11

I am thinking of the use case of this output:

The program 'tiger' is currently not installed. You can install it by typing:
sudo apt-get install tiger

How can I get it to prompt me to install that package? For example it would output this:

The program 'tiger' is currently not installed. You can install it by typing:
sudo apt-get install tiger
# Confirmation can go here
[sudo] password for tim:
The following NEW packages will be installed
  tiger tripwire
0 to upgrade, 11 to newly install, 0 to remove and 0 not to upgrade.
Need to get 8,416 kB of archives.
After this operation, 26.5 MB of additional disk space will be used.
Do you want to continue? [Y/n]  # and/or confirmation can go here

I don't want to have to run it myself. How can I get it to do it automatically, and give me the option to not install?

1
  • 1
    @EliahKagan That's fine, it will feel like a normal workflow: Can't install -> Want to install this one thing? -> Start installing -> It's not just one thing, sure you want to continue? -> Install.
    – Tim
    May 10, 2015 at 15:28

1 Answer 1

23

If you set the environment variable COMMAND_NOT_FOUND_INSTALL_PROMPT to 1, like

export COMMAND_NOT_FOUND_INSTALL_PROMPT=1

you will be ask if you want to install the package:

me@myhost:~$ tiger
The program 'tiger' is currently not installed. You can install it by typing:
sudo apt-get install tiger
Do you want to install it? (N/y)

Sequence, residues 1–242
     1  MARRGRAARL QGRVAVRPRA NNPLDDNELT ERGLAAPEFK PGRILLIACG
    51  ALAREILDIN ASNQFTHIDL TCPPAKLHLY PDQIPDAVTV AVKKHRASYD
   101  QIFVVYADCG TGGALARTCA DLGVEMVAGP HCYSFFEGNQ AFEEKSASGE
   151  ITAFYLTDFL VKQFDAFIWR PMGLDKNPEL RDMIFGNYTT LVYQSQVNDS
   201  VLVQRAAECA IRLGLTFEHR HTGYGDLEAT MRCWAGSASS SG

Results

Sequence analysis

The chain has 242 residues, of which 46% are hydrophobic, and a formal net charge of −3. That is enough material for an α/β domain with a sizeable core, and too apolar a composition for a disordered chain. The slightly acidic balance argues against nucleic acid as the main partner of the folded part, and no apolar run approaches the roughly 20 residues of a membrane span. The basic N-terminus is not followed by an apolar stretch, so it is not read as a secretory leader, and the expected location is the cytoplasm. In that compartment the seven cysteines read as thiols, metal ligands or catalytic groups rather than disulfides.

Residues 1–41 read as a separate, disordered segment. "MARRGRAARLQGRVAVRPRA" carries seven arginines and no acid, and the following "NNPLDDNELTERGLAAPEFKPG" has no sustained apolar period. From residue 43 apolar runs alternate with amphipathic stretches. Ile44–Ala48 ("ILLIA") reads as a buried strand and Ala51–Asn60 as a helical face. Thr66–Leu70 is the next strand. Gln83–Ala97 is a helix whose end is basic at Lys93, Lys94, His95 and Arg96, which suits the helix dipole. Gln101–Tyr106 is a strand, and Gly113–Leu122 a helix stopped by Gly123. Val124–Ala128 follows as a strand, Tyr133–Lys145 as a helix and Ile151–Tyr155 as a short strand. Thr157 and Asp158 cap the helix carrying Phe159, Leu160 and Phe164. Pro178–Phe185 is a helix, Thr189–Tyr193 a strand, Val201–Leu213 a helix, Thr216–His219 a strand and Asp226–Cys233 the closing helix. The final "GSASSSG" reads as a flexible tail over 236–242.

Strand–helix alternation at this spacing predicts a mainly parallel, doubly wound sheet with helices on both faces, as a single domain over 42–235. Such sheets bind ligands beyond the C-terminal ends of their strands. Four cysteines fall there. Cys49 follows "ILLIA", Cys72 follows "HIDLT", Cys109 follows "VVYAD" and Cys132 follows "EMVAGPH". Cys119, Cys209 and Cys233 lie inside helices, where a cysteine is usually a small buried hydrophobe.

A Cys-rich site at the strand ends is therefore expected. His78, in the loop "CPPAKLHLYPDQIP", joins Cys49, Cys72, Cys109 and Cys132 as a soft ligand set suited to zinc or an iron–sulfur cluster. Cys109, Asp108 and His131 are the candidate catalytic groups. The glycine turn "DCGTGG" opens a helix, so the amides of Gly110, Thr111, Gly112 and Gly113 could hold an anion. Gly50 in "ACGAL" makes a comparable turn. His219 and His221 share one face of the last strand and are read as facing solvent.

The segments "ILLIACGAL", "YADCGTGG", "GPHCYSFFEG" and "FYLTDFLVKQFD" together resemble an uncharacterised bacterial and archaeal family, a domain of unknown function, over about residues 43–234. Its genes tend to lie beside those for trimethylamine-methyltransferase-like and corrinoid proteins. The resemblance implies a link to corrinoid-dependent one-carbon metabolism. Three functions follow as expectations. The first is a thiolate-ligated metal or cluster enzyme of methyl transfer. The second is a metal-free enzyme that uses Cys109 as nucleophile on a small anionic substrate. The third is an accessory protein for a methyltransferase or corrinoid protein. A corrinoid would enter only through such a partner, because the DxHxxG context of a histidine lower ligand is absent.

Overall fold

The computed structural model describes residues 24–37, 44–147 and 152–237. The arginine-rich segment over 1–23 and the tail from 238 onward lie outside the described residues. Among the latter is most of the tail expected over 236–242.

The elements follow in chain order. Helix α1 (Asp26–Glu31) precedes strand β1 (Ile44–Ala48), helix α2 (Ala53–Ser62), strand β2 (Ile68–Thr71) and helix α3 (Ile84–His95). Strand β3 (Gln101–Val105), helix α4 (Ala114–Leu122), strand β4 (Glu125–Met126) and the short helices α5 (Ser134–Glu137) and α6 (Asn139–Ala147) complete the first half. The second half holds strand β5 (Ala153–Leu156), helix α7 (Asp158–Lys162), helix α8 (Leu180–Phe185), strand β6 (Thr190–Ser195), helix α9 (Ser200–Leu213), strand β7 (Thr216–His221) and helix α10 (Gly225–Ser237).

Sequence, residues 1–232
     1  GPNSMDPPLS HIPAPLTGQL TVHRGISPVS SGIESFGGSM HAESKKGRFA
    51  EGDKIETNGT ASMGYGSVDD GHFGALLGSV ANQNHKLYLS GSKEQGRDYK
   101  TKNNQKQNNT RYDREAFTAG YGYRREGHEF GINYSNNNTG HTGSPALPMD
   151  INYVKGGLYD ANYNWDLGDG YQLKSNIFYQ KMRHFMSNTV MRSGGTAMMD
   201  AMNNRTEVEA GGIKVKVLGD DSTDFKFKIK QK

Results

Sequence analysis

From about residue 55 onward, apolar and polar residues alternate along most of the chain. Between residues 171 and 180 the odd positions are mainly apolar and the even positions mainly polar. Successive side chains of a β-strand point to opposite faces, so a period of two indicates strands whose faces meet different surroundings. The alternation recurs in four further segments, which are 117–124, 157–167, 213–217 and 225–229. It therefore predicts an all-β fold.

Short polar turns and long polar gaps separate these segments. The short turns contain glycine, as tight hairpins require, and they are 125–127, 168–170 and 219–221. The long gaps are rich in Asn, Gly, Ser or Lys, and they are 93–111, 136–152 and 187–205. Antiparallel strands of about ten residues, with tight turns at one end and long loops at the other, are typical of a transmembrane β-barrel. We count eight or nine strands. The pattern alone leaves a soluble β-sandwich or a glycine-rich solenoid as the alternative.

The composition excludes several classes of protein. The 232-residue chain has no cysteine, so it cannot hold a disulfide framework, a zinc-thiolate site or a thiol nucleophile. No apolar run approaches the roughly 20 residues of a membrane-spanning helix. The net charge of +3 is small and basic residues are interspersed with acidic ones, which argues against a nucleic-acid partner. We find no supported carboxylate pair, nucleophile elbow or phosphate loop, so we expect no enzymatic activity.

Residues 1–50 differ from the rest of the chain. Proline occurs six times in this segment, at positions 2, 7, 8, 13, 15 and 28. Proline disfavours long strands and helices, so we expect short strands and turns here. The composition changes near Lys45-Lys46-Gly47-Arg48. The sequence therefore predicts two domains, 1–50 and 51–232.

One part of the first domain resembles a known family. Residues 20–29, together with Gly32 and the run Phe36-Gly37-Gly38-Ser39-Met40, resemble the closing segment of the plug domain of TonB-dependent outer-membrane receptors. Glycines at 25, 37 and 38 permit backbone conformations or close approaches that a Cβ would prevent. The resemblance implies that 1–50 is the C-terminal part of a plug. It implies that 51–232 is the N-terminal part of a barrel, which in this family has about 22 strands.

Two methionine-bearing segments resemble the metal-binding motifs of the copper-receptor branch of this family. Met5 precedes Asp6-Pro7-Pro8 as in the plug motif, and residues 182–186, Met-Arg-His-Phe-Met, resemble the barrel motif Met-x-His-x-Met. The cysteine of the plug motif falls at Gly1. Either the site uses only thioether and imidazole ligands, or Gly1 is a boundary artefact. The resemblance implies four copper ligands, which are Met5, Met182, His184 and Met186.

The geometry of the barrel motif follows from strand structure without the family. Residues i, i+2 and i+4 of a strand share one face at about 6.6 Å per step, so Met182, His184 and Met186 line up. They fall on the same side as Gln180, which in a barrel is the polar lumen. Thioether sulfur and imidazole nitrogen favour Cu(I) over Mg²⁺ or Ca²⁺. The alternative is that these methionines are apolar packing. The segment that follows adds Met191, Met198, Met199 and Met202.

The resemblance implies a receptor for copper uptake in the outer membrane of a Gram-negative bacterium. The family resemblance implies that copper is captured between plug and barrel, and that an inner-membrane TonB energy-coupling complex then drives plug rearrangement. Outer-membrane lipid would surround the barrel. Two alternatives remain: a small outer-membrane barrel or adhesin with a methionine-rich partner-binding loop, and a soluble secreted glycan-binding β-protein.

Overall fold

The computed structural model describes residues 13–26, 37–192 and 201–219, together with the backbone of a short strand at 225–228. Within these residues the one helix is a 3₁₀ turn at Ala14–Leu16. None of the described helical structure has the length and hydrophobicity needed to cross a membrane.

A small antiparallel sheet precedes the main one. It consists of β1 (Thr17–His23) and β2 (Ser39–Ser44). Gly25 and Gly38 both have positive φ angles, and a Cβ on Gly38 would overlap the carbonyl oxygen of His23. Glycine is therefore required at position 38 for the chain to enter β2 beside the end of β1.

If you answer y it will run

sudo apt-get install tiger

See How do I set environment variables? for how to set environment variables.

5
  • What is it by default? And can I make Y the default, not N?
    – Tim
    May 10, 2015 at 15:51
  • By default the variable is not set. As of 15.04 there is no way to make Y the default. May 10, 2015 at 16:12
  • 3
    Very nice! Where is this documented? I had to check the source code of /usr/lib/python3/dist-packages/CommandNotFound/CommandNorFound.py which is called by ` usr/lib/command-not-found` which is the script called when a command isn't found to find it. It seems to be an Ubuntu feature (I don't have it on my Debian). Is it mentioned somewhere in the Ubuntu docs? Also, why can't you make Y the default? Just set it in ~/.profile or /etc/profile if you want it for all users.
    – terdon
    May 10, 2015 at 17:17
  • This is so awesome! May 10, 2015 at 19:26
  • 1
    @FlorianDiesch Cool! I had not been aware of this feature at all. This answer has freed me from ignorance I didn't even know I had. Btw in light of this that question on Super User might be considered an XY problem; you might want to post an answer there, too. May 10, 2015 at 23:05

You must log in to answer this question.

Not the answer you're looking for? Browse other questions tagged .